Much has been made of Amoris Laetitia (Joy of Love), the latest in Pope Francis’ responses to Catholic family life. In it, he asks that each parish be open to family in all its forms, welcoming and supportive. As usual, the document has been blasted by both sides — by traditionalists for being too liberal and by liberals because the Pope does nothing to change the church’s response to LGBT persons or divorced Catholics. I will admit to hoping for more, but understand that the Pope must tread gently in these divided times. Still, the document does much to open the doors to families in all of their nontraditional, messy splendor. Yet my parish still asks: “Mother’s name”?

I sometimes get the distinct feeling from my Church that if I am not a mother, I am nothing. I have no role. I am unfruitful, an anomaly. I have missed the proverbial boat. When I tell my pastor that I am childless, he says, “That’s okay,” as if to soothe me. What have I done that was so terrible? Do I need to be told — over and over again — that a woman without children is a failure?

My husband isn’t nearly as unnerved as I am. “You should write your mother’s name in the space,” he suggests. But the onus on him isn’t the same as it is on me. Catholics are notoriously fruitful. I knew a girl in high school who had 13 siblings. I have more cousins than I can count — 11 in just one family. My mom is the youngest of seven. In the Catholic Church, I do stand out like a sore thumb.

And yet there have always been childless Catholics. My great-aunt Lydia and her husband did not have kids. How must she have felt, back when “family planning” was an anathema akin to mortal sin? (Not that the proscribed methods of the Catholic Church are much better nowadays…as my high school religion teacher once deadpanned, “I used the rhythm method. I have 11 children.”) A childless Catholic woman is either a “poor thing” (she wanted kids but couldn’t have them) or a harlot (she didn’t want them). There is no room for anything in between.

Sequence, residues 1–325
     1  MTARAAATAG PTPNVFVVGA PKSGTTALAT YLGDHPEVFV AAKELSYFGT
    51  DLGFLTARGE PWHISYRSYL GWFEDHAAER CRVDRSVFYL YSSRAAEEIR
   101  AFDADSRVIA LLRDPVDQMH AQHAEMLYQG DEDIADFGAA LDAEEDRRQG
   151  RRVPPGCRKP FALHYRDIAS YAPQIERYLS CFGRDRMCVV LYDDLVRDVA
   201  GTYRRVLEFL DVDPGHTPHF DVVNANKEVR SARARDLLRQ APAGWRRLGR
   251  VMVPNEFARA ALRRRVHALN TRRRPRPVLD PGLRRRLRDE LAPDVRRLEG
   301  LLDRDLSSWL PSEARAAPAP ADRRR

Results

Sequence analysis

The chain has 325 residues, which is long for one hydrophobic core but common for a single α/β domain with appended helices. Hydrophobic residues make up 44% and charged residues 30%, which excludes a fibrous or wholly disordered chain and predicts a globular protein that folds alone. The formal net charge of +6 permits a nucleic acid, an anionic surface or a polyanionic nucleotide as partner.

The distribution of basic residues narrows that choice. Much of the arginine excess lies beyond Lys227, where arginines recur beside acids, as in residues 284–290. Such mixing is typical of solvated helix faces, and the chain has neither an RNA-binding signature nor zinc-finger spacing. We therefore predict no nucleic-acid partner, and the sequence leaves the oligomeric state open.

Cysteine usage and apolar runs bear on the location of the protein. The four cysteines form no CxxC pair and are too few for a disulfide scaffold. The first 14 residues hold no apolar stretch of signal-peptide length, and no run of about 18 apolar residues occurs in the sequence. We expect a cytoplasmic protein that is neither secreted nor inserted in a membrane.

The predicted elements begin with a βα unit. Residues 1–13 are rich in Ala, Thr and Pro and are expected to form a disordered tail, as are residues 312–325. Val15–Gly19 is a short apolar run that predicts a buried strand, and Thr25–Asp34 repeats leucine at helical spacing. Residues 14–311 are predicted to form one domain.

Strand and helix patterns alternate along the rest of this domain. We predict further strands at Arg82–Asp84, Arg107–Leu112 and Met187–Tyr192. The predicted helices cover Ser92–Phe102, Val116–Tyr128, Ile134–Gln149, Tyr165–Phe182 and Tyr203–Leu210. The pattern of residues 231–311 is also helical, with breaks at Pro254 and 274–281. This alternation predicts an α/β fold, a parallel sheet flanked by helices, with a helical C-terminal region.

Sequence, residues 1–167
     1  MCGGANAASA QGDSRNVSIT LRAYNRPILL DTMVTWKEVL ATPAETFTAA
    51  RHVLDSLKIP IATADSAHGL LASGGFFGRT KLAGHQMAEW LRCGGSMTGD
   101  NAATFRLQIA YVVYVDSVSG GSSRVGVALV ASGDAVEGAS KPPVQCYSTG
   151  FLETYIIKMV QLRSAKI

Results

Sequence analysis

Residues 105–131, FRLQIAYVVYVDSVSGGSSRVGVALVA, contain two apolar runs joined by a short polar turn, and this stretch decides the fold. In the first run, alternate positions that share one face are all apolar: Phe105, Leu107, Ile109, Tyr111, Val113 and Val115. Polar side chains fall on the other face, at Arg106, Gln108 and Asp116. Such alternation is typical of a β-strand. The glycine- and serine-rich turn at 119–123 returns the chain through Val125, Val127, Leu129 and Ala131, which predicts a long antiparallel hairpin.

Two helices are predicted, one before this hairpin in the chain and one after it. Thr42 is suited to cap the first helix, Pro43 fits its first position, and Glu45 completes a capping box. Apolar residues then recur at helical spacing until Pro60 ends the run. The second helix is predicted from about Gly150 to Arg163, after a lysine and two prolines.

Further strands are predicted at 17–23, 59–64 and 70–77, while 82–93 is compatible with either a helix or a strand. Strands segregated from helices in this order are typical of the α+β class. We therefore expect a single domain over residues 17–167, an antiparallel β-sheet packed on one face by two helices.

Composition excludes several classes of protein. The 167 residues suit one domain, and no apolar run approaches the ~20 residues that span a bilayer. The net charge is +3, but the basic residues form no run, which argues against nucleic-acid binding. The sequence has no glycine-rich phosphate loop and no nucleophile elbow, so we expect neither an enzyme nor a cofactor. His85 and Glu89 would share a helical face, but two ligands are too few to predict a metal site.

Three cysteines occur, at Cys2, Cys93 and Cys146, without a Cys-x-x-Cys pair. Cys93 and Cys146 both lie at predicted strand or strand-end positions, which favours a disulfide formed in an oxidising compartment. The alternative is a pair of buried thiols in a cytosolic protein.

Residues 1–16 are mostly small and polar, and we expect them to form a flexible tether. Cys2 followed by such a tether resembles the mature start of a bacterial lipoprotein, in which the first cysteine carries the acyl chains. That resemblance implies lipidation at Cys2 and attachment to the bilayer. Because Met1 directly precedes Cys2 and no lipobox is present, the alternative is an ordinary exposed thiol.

I consider my spouse to be my family. It is the two of us against the world, and we’ve done okay. After all, he once considered himself an agnostic; now he is a full-fledged Catholic. We attend Mass every week. We give, financially, and of our time and talents. And yet, there it is: “Mother’s name.”

In the end, I will put my name in the blank, mostly out of resignation. But is it too much to ask: Can’t I be a married Catholic woman in good standing, a real woman of faith…but not a mother?

There is a very real temptation to constantly focus on what the Catholic Church does wrong. And wrongness in the Church does abound: from statements of non-inclusivity by those who ought to know better to crimes against innocent children. But there are heroes, many heroes, whose praises ought to be sung. Let’s let the rafters shake: